- A classic breast pocket would look awesome on Durban – especially on the View E boiler suit version! Keep it simple with a smaller version of the patch pocket included in the pattern, or you could add a bit more detail with a pleated pocket & pocket tab like the Matilda Dress breast pocket – we even have a little tutorial on how to construct them here.
- What about some sneaky hidden pockets added into the waist seam like the amazing @leila.makes! We love how she created such a sleek and clean look to her jumpsuit without compromising on having pockets!
- Another super sleek option which we love are slash pockets. If you’re not sure on how to add these pockets to your next Durban, have a peak at the Tania culotte pocket tutorial to get an idea on the pocket shape and method you can use!
- If you’ve got a go big or go home mentality when it comes to pockets – a big patch pocket sewn over the side seams of your jumpsuit – at the perfect height for your own hands – might be perfect for you and all the wonderful things you’d like to keep in them!
- And lastly, why not combine the last couple of ideas into a slash patch pocket like the Opal shorts! You can make them nice and big – perfect for hands and phones and other bits – and you can create even more of a feature by using a contrast colour thread for top stitching. Find the sewalong tutorial on how they are sewn here!
We love Durban’s button placket, but we’re also big fans of a good centre front zip! It’s such a different look, but not a hard one to achieve – especially with the help of a good tutorial! We’ve got blog posts on invisible, centred or lapped and exposed zips, so whatever style you’re looking for – we’ve got you covered! The only thing that needs to be adapted in order to insert a zip into Durban is the placket overlap will need to be trimmed back on the bodice and pants centre front edges and because you won’t need to face the full centre front opening you can actually just trim the placket down to just the neckline section – minus the placket overlap allowance on the centre edge!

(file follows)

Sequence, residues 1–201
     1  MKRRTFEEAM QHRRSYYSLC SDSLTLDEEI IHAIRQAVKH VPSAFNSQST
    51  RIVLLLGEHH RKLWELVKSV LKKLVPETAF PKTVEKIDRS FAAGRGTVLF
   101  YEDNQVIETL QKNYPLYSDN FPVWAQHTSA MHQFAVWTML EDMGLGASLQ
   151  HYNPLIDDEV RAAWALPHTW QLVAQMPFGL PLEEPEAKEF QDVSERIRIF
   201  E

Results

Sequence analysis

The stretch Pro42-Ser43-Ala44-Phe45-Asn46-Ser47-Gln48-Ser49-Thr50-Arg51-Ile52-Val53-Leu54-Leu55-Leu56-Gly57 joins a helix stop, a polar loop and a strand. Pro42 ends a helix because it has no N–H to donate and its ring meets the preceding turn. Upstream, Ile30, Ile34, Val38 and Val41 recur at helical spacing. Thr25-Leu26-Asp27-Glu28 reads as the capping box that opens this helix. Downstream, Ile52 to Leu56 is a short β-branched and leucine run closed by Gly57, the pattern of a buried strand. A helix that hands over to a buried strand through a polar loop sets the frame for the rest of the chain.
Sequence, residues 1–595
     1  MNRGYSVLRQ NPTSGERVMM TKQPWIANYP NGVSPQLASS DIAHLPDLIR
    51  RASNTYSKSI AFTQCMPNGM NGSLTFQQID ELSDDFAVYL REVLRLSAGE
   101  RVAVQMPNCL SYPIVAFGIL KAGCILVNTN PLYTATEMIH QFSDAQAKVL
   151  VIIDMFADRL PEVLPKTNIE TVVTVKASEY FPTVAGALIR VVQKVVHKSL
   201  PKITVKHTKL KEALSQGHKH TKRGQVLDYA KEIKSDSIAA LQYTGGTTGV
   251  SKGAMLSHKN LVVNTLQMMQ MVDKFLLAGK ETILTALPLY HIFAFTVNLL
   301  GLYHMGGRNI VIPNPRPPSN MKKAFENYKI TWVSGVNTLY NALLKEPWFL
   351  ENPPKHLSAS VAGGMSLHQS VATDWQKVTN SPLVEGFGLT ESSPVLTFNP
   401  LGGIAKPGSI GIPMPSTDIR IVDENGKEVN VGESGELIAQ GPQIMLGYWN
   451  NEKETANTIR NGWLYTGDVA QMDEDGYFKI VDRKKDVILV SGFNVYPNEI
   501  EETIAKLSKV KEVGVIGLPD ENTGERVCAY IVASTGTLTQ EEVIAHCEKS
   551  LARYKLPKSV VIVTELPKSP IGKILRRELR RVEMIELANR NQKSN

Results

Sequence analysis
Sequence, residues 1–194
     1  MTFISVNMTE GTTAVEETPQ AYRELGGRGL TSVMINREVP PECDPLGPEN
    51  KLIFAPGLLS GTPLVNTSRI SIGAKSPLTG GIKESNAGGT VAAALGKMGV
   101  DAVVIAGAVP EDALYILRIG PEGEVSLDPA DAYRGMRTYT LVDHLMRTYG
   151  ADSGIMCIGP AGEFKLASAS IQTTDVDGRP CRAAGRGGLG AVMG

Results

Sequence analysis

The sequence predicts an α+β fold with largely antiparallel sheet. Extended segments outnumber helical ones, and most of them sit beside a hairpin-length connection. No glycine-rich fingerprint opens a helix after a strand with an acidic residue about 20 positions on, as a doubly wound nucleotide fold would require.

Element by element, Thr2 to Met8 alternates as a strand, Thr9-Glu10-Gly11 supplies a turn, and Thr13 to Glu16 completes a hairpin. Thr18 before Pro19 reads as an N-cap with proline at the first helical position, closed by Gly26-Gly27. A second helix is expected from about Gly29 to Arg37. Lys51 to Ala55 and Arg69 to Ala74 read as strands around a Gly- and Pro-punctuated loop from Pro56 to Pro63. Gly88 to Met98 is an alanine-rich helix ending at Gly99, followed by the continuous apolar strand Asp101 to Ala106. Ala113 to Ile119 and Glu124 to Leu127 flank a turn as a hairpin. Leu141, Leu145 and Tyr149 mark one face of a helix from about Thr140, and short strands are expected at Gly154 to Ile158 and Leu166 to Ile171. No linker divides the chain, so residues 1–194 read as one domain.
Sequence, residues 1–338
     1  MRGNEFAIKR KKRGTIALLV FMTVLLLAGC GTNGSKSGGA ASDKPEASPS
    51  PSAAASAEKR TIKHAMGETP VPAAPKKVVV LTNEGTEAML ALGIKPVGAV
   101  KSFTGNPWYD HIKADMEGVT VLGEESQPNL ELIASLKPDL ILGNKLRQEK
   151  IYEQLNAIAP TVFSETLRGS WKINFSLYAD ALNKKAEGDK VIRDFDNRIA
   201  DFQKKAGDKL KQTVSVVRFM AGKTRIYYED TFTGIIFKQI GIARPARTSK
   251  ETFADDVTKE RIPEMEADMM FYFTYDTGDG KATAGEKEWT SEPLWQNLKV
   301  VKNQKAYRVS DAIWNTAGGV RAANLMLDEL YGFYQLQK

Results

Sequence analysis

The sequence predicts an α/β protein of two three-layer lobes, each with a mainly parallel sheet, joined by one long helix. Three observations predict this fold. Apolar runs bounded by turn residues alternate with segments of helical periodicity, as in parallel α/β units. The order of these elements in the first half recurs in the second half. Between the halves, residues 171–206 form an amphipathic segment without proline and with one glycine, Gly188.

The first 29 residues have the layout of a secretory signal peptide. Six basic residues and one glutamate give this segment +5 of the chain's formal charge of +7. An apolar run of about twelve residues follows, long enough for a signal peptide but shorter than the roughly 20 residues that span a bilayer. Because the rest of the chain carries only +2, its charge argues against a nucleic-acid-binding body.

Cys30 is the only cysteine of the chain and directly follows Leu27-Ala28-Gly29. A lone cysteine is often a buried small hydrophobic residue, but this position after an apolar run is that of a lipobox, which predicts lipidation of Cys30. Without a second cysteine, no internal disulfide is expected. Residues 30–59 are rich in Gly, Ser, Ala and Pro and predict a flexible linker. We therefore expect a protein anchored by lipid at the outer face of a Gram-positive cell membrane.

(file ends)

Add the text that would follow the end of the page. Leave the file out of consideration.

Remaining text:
DRAWSTRINGS & ELASTIC
You will need | some extra fabric for your casing & either elastic or cord for a drawstring!
If you’re wanting to change up your Durban silhouette – maybe with a little more shaping – try adding an elastic or drawstring waist! To do this you’ll need to create a rectangle casing on the outside of your garment for a drawstring and either the inside or outside for an elastic waist – depending on the look you want.
With the raw edges folded under along the top edge and short ends (for a drawstring you’ll need to have twice turned and stitched the short ends as they will be left open) , you can top stitch your casing in place so it’s bottom edge is sewn into the waist seam and the top half sits above the seam – ready for your drawstring or elastic to be inserted! If you’re creating an elastic waist, you’ll then need to sew along the folded casing ends and the elastic ends inside to enclose them and secure your elastic so it gathers in the waist.
You might like to include these elastic or drawstring casings around the whole waist, or maybe just at your side seams or centre back. Another fun hack is to give your tapered leg Durban a completely different look by making the pants hem into an elastic casing like Holly did for her Opal jogger hack!
CHANGING UP THE NECKLINE